Xcelocloud CEO Mike Champion: Clearing Up The SD-WAN Confusion For Partners

More Signal, Less Noise

Xcelocloud Inc. is a new solution provider on the scene that got its start in April. The Atlanta-based startup offers network, cloud, and security consulting services for business customers but focuses primarily on SD-WAN.

Founder and CEO Mike Champion is no stranger to the channel having previously worked for a solution provider organization. But with so many emerging start-ups and established vendors in SD-WAN, Champion saw that the market needed a solution provider that could help businesses make sense of this emerging and disruptive technology. His company aims to help enterprises use SD-WAN to better support their network strategies, measure the performance of their critical applications, and save some dollars along the way.

The following is excerpts from CRN's conversation with Champion.

How did you come up with the idea for Xcelocloud?

Behind the scenes, I really saw the market turning towards SD-WAN about a year ago. I threw myself headfirst into understanding what it means for the marketplace and carriers. The more enterprise customers I talked to, the more I saw a shift away from people wanting to be tied to just one carrier. Which is, in my opinion, a potentially huge market shift that none of the carriers want to see. I saw an opportunity to build a national organization to provide some clarity to these enterprise customers because there are 25-plus SD-WAN providers all are saying the same thing and they all get to the finish line differently. We try to educate enterprise customers so that they can take those 25 potential providers down to two or three, and deeply vet those providers.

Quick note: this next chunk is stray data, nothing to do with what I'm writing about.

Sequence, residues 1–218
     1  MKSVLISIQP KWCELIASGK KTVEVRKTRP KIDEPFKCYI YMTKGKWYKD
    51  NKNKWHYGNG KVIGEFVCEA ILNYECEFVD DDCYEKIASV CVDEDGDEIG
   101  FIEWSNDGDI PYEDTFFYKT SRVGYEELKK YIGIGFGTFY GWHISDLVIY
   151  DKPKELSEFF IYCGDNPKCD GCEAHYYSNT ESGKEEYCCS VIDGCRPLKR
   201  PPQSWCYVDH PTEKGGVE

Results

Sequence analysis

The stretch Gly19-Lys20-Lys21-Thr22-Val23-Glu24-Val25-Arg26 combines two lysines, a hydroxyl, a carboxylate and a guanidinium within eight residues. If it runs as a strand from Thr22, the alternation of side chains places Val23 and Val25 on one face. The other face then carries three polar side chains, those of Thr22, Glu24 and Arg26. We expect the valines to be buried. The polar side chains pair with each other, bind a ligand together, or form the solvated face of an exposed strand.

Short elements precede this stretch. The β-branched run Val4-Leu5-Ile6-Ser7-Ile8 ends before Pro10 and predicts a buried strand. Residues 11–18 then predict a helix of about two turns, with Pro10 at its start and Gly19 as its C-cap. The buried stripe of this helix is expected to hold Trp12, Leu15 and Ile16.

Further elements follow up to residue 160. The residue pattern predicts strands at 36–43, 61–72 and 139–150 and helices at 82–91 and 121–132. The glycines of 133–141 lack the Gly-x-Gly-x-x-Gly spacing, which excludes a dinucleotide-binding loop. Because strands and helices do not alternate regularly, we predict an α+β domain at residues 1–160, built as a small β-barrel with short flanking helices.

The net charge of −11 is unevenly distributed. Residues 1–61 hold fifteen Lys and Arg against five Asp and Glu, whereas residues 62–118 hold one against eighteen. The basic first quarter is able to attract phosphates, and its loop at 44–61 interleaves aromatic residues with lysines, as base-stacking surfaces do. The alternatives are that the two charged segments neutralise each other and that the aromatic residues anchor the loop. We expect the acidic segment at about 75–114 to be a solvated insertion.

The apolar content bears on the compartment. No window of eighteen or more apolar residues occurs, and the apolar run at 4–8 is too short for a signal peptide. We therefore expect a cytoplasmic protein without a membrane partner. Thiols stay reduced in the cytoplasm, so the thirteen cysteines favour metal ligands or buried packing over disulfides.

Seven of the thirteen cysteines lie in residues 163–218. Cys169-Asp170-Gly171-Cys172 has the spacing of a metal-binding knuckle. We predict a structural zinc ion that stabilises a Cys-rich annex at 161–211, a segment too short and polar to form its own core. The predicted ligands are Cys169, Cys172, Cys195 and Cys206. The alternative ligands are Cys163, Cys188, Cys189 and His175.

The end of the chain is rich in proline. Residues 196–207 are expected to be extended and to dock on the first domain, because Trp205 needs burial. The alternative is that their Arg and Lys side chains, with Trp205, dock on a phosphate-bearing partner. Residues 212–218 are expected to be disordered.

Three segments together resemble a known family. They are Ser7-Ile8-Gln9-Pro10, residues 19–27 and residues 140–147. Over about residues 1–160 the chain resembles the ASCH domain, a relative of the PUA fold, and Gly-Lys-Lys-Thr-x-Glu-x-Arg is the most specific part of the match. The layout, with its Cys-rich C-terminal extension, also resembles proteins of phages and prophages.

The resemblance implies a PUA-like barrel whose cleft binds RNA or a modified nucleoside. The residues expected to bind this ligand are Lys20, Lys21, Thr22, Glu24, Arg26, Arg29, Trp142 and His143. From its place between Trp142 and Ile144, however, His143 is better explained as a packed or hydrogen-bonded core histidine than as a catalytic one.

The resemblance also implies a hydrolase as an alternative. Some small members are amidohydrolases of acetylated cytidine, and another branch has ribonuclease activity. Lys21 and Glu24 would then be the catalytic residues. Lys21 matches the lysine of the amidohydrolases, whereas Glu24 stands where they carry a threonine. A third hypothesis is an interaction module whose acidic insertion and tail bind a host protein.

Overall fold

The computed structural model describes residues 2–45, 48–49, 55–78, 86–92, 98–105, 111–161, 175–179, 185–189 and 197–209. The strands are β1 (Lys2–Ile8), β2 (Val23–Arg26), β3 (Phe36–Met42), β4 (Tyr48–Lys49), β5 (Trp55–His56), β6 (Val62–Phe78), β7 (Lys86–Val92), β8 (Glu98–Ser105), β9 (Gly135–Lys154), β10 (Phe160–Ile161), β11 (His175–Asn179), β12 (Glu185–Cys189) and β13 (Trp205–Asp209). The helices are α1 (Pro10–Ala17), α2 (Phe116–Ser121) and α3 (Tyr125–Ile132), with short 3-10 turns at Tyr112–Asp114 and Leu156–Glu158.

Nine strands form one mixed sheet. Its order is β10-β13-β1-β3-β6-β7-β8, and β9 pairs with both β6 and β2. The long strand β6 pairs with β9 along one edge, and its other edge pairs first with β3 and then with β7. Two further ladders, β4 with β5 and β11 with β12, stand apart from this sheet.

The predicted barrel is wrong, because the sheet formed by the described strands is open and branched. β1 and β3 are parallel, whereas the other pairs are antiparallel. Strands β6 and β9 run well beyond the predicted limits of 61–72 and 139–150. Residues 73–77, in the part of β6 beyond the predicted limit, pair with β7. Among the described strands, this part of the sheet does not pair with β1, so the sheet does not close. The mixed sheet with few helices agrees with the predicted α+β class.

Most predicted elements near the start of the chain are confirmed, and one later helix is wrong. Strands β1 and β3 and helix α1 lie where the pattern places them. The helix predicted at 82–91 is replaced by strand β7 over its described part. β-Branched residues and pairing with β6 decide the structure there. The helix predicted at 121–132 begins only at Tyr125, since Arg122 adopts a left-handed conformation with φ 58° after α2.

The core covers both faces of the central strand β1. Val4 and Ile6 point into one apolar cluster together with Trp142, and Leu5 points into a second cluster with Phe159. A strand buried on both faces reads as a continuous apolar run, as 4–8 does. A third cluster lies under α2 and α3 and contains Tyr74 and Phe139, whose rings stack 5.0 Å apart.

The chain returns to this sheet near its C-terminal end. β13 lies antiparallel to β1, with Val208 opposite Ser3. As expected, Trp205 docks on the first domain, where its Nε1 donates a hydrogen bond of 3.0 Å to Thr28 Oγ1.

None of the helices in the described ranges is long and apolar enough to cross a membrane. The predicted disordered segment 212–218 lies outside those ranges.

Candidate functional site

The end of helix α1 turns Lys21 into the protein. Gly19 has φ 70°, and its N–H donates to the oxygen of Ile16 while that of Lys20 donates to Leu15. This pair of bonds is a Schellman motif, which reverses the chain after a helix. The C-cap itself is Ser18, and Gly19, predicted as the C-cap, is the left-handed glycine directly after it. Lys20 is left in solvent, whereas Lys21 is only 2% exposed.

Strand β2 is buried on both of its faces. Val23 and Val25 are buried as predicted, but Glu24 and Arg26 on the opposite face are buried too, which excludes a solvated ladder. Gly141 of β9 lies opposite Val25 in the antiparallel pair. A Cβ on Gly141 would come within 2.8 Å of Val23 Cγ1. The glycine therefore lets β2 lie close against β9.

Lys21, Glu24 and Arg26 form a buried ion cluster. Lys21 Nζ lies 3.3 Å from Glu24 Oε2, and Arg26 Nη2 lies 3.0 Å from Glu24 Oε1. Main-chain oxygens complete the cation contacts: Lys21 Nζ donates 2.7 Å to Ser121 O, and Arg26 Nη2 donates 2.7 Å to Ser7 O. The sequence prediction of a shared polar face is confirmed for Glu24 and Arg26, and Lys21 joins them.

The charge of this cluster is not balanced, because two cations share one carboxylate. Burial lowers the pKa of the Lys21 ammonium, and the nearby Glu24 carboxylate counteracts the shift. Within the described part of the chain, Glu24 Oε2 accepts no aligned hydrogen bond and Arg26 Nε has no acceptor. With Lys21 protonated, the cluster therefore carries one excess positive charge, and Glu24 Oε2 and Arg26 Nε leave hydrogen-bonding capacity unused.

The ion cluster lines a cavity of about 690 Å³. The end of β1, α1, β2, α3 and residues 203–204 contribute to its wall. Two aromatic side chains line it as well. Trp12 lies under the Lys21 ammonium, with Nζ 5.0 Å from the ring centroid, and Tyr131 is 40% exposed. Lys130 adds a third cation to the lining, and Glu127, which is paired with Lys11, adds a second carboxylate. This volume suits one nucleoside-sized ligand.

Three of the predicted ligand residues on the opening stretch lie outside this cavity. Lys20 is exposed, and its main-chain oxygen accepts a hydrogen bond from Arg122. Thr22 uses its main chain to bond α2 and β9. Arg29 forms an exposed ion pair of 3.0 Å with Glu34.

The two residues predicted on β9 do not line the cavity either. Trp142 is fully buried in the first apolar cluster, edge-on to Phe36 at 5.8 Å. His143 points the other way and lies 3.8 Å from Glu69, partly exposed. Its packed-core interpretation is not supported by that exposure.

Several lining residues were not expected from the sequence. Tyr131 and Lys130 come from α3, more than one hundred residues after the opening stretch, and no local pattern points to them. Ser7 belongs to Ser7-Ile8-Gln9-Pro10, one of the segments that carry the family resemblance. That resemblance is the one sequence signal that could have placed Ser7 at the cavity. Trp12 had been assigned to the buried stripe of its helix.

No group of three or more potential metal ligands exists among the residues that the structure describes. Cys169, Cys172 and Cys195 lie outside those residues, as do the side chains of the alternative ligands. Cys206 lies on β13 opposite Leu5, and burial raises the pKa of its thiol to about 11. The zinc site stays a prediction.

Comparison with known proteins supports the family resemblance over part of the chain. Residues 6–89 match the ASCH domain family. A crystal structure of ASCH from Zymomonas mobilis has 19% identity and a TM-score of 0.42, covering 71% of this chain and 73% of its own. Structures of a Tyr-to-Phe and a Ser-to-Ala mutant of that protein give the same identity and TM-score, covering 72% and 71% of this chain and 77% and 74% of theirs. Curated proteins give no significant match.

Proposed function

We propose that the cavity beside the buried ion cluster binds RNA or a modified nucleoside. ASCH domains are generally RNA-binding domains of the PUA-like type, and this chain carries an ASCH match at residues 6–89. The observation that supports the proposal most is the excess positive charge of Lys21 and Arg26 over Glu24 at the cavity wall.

What trends in IT are encouraging businesses to look into SD-WAN?

When we start breaking down numbers, customers are a little bit weary of paying $600 for a 10-Mbps MPLS connection at one address, $950 at another site, and another site at $1,200. So more and more, companies have been looking at aggregating to save money. You can typically save 15 to 25 percent off just your connectivity right off the top, sometimes more if you are going with Ethernet or if you're willing to go to broadband. But the challenge is that people are concerned that they won't get great customer experience, so along comes SD-WAN that, in certain providers, can give a quality of service guarantee over broadband connections, which is pretty cool.

The other thing I saw was if you ask enterprises what their application strategy looks like today you are going to hear anywhere from 20 to 40 percent cloud applications and 60 to 80 percent data center-based apps. If you ask them what it looks like 24 months from now they'll tell you it's going to be 60 to 80 percent cloud apps. So, that opens up the door to companies looking more and more closely at internet connections. Between the desire to pay less for bandwidth and improve app performance, especially cloud app performance, those two trends [point to] people trying to figure out how to implement SD-WAN.

What is your strategy when it comes to working with SD-WAN providers, while remaining neutral for customers?

Our strategy is to be provider-agnostic unless a customer is locked in [with a vendor] or wants a specific carrier or SD-WAN provider. We have a focus on SD-WAN solutions that are carrier- agnostic, and we think that gives customers better freedom and a better customer experience in the long run because if you are locked into one carrier and you open a new site, and they don’t have fiber to where you are going, you'll wait 90 to 120 days minimum to get connected, whereas if we can simply drop in the last mile provider that is already there, you're up and running in 2 to 5 days.